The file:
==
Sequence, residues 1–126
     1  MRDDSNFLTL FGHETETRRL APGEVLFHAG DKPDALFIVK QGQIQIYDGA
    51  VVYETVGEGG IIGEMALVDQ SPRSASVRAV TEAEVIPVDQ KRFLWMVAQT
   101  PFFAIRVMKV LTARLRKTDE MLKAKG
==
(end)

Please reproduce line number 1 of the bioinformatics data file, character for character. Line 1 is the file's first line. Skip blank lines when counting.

Sequence, residues 1–126